Loss-of-function mutations in NDUFS4, the gene that encodes a subunit of the protein complex I in the mitochondrial electron transport chain, are strongly associated with Leigh Syndrome (LS). LS, or subacute necrotizing encephalopathy, is a debilitating progressive neurodegenerative disorder. It typically presents with multi-systemic clinical symptoms which result in disability and ultimately death by 3 years of age. Mouse models of LS, generated by global or CNS specific Knock Out (KO) of Ndufs4, exhibit several key clinical features of human LS, including failure to thrive, growth retardation, ataxia, hypotonia, visual problems, breathing irregularities, and spontaneous seizures and deaths. Our preliminary studies of conditional Ndufs4 KO mice reveal that the epilepsy phenotype can be dissociated from most of the other features of LS, using genetic approaches. Selective KO of Ndufs4 in GABAergic (not glutamatergic) neurons causes spontaneous seizures and leads to sudden death in mice. Therefore, work in this proposal will explore the intriguing possibility that Ndufs4 is a SUDEP gene and GABAergic neuron dysfunction, caused by its KO, is the principal cause of epilepsy and SUDEP in LS mice. Indeed, these mice present a unique opportunity for functional studies of SUDEP risks associated with LS-causing Ndufs4 mutation in particular and interneuron dysfunction in general. Interestingly, current gene discovery studies have postulated that a SUDEP gene might be best identified as a mutation or pathogenic variant that causes epilepsy and increases SUDEP risk via central or peripheral nervous system or end-organ effects on respiratory, cardiac, or other autonomic functions. The forebrain includes regions known to be involved in seizure generation and the brainstem encompasses control centers for autonomic functions, commonly affected in SUDEP. In this project, we will examine the role of interneuron dysfunction in mechanisms SUDEP in Leigh syndrome epilepsy using mouse models. We will: (1) Compare the contributions of Ndufs4 KO in excitatory (by Vglut2cre) and inhibitory (by Gad2cre) neurons to SUDEP susceptibility in LS mice; (2) compare the contributions of Ndufs4 KO in forebrain (by Dlxcre12) and brainstem (by viral cre) GABAergic neurons to SUDEP susceptibility in LS mice; and (3) determine changes in intrinsic and synaptic functions of forebrain interneurons that contribute to epilepsy and SUDEP pathophysiology in LS mice. Findings from these studies will provide insights into the mechanisms of sudden death in Leigh syndrome, the most common form of mitochondrial disorder in children.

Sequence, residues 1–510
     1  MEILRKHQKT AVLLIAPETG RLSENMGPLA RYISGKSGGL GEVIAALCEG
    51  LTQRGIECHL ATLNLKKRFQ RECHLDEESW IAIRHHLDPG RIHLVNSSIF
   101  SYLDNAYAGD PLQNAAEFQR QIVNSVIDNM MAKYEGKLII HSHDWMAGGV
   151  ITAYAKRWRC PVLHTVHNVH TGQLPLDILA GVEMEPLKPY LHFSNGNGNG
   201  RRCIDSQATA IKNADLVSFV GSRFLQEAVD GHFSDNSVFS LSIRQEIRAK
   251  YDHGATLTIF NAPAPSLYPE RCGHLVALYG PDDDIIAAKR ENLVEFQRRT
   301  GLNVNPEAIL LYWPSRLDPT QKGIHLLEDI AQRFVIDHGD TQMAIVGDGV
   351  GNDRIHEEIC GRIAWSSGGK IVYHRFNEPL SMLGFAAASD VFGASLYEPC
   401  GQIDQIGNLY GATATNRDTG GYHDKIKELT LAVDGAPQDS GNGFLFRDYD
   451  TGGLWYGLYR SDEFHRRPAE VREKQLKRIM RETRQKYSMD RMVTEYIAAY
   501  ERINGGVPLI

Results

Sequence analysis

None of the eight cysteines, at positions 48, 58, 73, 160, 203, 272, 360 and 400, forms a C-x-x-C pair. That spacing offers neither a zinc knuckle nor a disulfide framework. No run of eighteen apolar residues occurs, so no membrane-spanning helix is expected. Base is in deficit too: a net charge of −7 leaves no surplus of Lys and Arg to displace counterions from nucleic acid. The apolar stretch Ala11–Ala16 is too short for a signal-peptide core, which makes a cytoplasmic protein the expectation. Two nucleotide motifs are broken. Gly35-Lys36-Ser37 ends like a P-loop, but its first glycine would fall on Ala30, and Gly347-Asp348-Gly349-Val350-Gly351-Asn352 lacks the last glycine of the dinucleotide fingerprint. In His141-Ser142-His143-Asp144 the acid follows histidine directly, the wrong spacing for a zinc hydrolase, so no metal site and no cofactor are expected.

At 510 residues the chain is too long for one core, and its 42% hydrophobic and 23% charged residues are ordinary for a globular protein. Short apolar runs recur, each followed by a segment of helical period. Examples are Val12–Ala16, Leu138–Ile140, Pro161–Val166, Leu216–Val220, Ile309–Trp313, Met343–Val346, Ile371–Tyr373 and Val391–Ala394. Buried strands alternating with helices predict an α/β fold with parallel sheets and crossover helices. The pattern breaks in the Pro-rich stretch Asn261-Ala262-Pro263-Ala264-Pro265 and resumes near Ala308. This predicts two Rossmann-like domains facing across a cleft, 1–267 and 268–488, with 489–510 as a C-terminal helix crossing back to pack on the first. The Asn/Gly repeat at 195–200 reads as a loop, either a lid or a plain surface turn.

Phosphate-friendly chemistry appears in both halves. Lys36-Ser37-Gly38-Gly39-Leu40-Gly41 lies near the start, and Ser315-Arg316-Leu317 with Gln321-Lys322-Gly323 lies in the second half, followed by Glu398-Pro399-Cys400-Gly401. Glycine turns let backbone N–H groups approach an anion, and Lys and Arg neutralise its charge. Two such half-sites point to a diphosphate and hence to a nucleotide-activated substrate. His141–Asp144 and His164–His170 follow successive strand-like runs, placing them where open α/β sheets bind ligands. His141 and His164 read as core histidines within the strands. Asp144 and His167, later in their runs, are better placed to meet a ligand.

Public Health Relevance

Studies in this project will investigate the role of GABAergic interneurons in the mechanisms of seizure-induced cardiorespiratory dysfunctions and ensuing Sudden Unexpected Death in a mouse model of Leigh Syndrome Epilepsy. Leigh syndrome is a devastating infantile progressive neurodegenerative disorder due to mitochondrial dysfunction.

National Institute of Health (NIH)
National Institute of Neurological Disorders and Stroke (NINDS)
Research Project (R01)
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Developmental Brain Disorders Study Section (DBD)
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Whittemore, Vicky R
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Seattle Children's Hospital
United States
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